“In fact, United Cellular will feel the effects of the stoppage more than GCD itself,” Westcott observes. “GCD will still invoice United Cellular for every screen delivered: GCD is affected only by delayed revenue while United Cellular has probably lost a lot of revenue as many customers due for an upgrade will opt for another android handset – consumers are impatient impulse buyers.”

This web of interdependencies could be even more complex if, say, GCD had in turn outsourced a part of its manufacturing process, and that supplier experienced a disruption, Westcott explains.

It’s thus vital, he stresses, that each company ensures suppliers and outsourcing partners have proven business continuity plans so as to ensure that their strategic objectives (product delivery expectations) can be met.

“If your supply chain partners do not have proven business continuity plans, you will be impacted at some point,” Westcott states. “Their lack of business continuity thus compromises yours.”

Owing to the complex interaction of processes, departments and activities that go into the creation of products and services, he says, the simple act of outsourcing any one of these aspects can have unexpected consequences. “This means the impact of an outage at a supplier isn’t always fully understood. It routinely runs deeper than anticipated, affecting more of your business than is immediately obvious.”

Spider’s web
This is apparent in the example above; GCD may have been just one of the outsourcing partners, but disruption of its manufacturing process delayed the delivery of United Cellular’s flagship product, deemed crucial to the company’s survival.

Westcott continues: “The more you outsource, the more complex your business continuity becomes. The interdependencies become a spider’s web; trying to understand how everything fits together can take time and effort, but failing to do so will almost always result in an impact on your business.”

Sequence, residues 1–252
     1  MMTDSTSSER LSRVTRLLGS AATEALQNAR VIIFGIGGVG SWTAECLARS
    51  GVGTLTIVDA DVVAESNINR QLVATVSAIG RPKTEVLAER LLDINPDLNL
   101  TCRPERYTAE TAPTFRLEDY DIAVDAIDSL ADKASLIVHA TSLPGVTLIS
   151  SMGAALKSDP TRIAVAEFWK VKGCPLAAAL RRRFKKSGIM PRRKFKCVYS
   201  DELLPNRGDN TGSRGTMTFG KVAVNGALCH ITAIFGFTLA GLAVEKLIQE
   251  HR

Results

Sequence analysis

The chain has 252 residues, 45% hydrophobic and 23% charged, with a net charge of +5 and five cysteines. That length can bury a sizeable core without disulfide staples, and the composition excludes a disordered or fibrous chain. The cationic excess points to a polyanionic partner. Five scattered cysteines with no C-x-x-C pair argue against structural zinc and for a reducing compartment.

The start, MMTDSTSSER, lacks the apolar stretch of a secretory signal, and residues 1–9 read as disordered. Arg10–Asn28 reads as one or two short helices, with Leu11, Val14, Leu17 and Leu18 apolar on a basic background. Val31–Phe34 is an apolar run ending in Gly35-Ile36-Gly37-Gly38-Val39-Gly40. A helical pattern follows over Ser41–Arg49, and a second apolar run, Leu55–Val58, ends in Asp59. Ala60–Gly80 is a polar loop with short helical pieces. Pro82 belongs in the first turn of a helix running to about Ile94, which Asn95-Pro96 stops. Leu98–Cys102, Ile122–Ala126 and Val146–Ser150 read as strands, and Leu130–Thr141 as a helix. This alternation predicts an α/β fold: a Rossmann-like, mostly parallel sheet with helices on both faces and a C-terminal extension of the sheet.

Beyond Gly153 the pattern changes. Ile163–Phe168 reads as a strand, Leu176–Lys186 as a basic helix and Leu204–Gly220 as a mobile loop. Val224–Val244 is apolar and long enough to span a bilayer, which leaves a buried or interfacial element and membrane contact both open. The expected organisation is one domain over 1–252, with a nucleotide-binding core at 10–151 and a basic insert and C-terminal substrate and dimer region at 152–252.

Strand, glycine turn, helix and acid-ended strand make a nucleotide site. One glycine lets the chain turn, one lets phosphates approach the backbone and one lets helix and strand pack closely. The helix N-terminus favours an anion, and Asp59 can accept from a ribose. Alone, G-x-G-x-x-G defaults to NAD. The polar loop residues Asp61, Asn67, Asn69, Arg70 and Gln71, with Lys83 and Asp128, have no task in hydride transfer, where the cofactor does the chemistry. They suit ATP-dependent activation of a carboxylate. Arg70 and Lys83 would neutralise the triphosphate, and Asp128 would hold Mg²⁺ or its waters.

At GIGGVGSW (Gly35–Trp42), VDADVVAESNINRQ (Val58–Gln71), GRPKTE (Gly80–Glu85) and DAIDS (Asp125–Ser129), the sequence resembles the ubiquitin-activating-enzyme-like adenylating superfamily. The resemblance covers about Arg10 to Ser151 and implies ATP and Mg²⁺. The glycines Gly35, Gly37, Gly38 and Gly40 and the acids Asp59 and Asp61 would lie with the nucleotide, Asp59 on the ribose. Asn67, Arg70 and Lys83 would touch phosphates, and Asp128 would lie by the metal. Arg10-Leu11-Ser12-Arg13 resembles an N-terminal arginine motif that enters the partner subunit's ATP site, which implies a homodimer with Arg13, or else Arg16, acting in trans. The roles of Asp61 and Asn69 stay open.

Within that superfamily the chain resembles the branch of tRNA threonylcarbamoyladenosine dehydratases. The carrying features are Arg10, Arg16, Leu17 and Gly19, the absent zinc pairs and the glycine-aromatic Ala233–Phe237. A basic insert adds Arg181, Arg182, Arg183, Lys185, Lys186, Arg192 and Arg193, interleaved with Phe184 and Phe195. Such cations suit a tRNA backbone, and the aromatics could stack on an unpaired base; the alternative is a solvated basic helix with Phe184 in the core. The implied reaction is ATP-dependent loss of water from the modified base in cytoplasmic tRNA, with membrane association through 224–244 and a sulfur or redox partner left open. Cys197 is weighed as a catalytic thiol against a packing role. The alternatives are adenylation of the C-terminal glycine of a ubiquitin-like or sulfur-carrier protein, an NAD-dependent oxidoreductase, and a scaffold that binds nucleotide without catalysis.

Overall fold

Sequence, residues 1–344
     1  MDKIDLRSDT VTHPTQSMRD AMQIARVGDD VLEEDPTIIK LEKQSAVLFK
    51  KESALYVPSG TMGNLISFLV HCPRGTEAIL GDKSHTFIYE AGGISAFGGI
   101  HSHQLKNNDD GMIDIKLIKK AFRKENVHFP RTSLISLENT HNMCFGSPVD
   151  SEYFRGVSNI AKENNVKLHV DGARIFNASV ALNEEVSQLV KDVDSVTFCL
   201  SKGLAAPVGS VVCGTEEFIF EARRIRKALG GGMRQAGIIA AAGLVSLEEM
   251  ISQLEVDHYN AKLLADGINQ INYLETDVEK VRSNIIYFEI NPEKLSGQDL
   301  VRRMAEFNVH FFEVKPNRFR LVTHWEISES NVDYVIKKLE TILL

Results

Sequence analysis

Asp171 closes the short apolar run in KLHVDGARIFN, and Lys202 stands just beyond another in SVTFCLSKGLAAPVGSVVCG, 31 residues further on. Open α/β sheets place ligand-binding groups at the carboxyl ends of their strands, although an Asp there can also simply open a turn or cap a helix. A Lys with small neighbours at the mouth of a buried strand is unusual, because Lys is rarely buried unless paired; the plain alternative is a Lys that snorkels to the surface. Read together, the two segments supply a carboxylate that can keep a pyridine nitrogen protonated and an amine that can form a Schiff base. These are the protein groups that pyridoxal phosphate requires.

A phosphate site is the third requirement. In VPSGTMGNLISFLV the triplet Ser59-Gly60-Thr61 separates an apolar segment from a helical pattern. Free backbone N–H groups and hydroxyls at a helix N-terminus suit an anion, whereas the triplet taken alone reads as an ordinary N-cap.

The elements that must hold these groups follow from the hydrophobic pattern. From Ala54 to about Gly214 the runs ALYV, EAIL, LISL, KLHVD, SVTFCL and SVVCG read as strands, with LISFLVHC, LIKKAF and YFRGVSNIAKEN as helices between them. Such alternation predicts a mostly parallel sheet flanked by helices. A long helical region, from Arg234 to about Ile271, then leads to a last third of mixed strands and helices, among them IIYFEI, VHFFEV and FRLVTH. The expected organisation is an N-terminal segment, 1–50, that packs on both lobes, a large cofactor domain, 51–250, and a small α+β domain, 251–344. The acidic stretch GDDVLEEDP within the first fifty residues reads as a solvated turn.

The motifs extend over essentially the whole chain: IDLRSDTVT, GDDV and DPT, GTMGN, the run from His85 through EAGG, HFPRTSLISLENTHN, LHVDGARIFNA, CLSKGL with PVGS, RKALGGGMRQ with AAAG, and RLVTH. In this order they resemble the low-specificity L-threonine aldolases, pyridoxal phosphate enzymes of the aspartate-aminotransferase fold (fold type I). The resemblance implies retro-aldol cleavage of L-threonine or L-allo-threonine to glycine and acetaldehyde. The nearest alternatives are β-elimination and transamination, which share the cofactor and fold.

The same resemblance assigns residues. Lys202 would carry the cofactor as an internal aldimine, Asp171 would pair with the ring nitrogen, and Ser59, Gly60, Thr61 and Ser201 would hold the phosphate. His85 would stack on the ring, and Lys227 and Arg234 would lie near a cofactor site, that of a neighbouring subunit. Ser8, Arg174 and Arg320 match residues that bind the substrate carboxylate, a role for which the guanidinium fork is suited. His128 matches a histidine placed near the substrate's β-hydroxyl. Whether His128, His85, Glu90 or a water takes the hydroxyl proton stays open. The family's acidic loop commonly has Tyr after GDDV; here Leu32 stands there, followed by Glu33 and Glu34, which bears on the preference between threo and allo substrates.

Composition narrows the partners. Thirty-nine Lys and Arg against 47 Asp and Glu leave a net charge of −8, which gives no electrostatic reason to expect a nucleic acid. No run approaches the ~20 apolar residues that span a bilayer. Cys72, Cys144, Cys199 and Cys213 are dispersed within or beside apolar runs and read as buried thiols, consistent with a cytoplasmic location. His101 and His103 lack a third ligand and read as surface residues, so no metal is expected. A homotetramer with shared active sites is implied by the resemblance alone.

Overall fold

He adds that most SLAs document turnaround times and uptime, but not recovery time. Ensuring that business continuity is sufficiently robust thus depends on analysing the recovery capability of outsource partners, he urges.

“Before selecting an outsource partner, make sure they have a proven business continuity programme by reviewing their business impact analysis documents, business continuity plans and IT disaster recovery plans.”

Westcott advises a detailed examination of these documents, but he says some resistance is possible.

“You will want to see if the plans speak to the delivery of the product or service your partner provides and upon which you are going to depend, and not just the recovery of a department. By the same token, though, it is important to focus only on those processes that impact on the service offered to your company – your partner will be understandably reluctant to reveal its full business continuity plan.”

If the partner cannot commit to recovering within the timeframes you expect, then Westcott is adamant: “Find another outsourcing partner.”


Infosys says board member Srinivas resigns

May 29th, 2014

Infosys Ltd president and board member B.G. Srinivas, seen by some investors as a candidate to take over as CEO, has resigned, becoming the latest senior manager to leave India’s second-largest software services exporter.Employees of Indian software company Infosys walk past Infosys logos at their campus in the Electronic City area in Bangalore

Infosys did not give a reason for his resignation in its statement to stock exchanges. Srinivas, who joined in 1999, will remain in his role until June 10.

Infosys started a search for Chief Executive S.D. Shibulal’s successor in April. Shibulal, one of company’s seven founders, wants to retire in January 2015 or before, if his successor is ready to take over.

The company, part of India’s more than $100 billion outsourcing services sector, has said that it would consider both external and internal candidates for the role.

The possibility of Infosys recruiting a CEO from outside, breaking with its tradition of choosing its chief executive from its founders, has gone up after Srinivas’ resignation, analysts and investors said.